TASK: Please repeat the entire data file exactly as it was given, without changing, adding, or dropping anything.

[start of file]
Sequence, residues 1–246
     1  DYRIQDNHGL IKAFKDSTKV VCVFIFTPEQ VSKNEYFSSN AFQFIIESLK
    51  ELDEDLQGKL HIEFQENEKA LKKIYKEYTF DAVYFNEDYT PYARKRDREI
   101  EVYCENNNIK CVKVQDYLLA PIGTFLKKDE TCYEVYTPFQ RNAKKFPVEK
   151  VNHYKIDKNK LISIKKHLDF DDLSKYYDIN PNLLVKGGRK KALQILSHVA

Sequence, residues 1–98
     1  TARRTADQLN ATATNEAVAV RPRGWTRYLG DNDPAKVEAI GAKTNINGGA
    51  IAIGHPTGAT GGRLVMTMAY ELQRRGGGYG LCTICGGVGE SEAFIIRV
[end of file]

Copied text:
Sequence, residues 1–246
     1  DYRIQDNHGL IKAFKDSTKV VCVFIFTPEQ VSKNEYFSSN AFQFIIESLK
    51  ELDEDLQGKL HIEFQENEKA LKKIYKEYTF DAVYFNEDYT PYARKRDREI
   101  EVYCENNNIK CVKVQDYLLA PIGTFLKKDE TCYEVYTPFQ RNAKKFPVEK
   151  VNHYKIDKNK LISIKKHLDF DDLSKYYDIN PNLLVKGGRK KALQILSHVA

Sequence, residues 1–98
     1  TARRTADQLN ATATNEAVAV RPRGWTRYLG DNDPAKVEAI GAKTNINGGA
    51  IAIGHPTGAT GGRLVMTMAY ELQRRGGGYG LCTICGGVGE SEAFIIRV